Cian O' Sullivan
“Sparsh” is the Sankskrit word for “touch” – which is a nice name for a service like this. It’s based around audio packages. First, the user subscribes to the service by calling 529222. Once subscribed, a list of topics is accessible through the phone. For example, the user can access a module about AIDS, which will provide them with information about the disease, its causes and preventative measures.
It’s also very cheap - it costs 10 Rs (around €0.16) for 10 days access. It also costs 1 paise per second while browsing - but that’s about 2 hundredths of a cent.
Tata DOCOMO is the GSM network operated by Tata Teleservices in India. It’s a joint venture with NTT Docomo from Japan. But before it was rolled out, the service was approved by one of the biggest health bodies in India – the FPAI (Family Planning Association of India), a sexual and reproductive health non-Government organisation. At the moment, the service is available for English, Hindi and Marathi speakers and is being launched for seven more dialects in the near future.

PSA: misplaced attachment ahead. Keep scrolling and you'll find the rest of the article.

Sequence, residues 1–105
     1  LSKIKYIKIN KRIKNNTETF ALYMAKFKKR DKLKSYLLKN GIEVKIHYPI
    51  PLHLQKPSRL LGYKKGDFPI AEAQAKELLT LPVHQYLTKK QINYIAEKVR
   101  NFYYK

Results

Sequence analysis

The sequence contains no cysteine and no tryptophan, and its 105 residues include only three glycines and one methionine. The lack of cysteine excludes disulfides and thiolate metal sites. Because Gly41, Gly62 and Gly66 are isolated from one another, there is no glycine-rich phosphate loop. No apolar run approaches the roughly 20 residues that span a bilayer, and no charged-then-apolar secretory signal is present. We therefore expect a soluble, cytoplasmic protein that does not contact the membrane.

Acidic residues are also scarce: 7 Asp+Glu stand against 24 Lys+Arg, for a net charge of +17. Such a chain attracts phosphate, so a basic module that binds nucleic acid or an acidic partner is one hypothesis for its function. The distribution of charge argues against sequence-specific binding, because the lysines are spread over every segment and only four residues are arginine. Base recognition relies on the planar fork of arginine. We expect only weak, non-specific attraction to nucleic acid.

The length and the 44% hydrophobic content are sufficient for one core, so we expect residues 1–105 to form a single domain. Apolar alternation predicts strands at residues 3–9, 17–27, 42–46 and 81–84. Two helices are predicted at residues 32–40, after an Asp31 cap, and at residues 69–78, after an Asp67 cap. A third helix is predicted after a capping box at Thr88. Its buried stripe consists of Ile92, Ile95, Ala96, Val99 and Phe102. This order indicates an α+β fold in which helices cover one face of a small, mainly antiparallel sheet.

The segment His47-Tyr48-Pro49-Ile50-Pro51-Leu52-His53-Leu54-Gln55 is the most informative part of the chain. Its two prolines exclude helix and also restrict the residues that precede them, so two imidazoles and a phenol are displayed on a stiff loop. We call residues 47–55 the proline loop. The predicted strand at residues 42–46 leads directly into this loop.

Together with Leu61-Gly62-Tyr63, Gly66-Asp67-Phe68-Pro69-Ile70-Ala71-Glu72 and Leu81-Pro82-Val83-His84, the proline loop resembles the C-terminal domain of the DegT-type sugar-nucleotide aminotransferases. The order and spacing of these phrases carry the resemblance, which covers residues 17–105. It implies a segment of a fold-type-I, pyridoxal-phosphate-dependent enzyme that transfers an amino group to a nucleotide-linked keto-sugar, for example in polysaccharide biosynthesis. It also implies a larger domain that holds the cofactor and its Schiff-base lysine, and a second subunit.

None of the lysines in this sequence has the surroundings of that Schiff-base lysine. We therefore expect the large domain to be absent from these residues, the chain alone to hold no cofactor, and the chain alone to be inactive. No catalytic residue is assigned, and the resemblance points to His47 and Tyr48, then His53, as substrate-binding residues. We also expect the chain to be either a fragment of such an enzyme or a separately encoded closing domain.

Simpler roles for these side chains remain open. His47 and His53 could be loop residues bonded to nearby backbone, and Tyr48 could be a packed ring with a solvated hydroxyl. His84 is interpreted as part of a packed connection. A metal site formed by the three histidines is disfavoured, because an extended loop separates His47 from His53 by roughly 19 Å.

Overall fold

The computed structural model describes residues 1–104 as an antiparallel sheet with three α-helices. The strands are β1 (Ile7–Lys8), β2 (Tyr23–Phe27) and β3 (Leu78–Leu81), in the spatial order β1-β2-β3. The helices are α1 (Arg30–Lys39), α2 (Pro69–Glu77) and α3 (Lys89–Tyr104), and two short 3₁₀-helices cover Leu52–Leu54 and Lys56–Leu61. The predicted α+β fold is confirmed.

Zubin Jimmy Dubash, Vice President of New Product Development at Tata DOCOMO said: “We at TATA DOCOMO aim at providing on-the-go solutions to important issues such as lack of awareness about sex, particularly amongst the adolescents and the ever increasing concern on AIDS, sexually transmitted diseases, physical abuse and socially unwanted behaviour.”
GoMo News.com which provides reports on the mobile industry in India and Asia Pacific commented: “This service is being offered with a tremendous degree of privacy. When someone rings to order it, there isn’t even an actual person at the end of the line. Subscription occurs through an Interactive Voice Response (IVR) mechanism. And once you’ve ordered, all you have to do is listen – so even in the most conservative area this will offer someone the chance to privately access information about sexual health.”
According to Avert, the international HIV and AIDS charity, the NACO (National Control AIDS organisation) has not produced estimates of the number of people living with AIDS and the number of people who have died from AIDS in India, for some time.
Some of the last figures produced were from 2005, which showed that by the end of 2005 the total number of reported AIDS cases was 116,905, of which 34,177 were women. Around a third of these were among people younger than 30 years.
These figures significantly under-represent the actual number of people living with AIDS. Many AIDS deaths go unreported in India, due to unprecedented levels of stigma and discrimination. In many situations a patient will die without HIV having been diagnosed, and with the death attributed to an opportunistic infection, such as tuberculosis.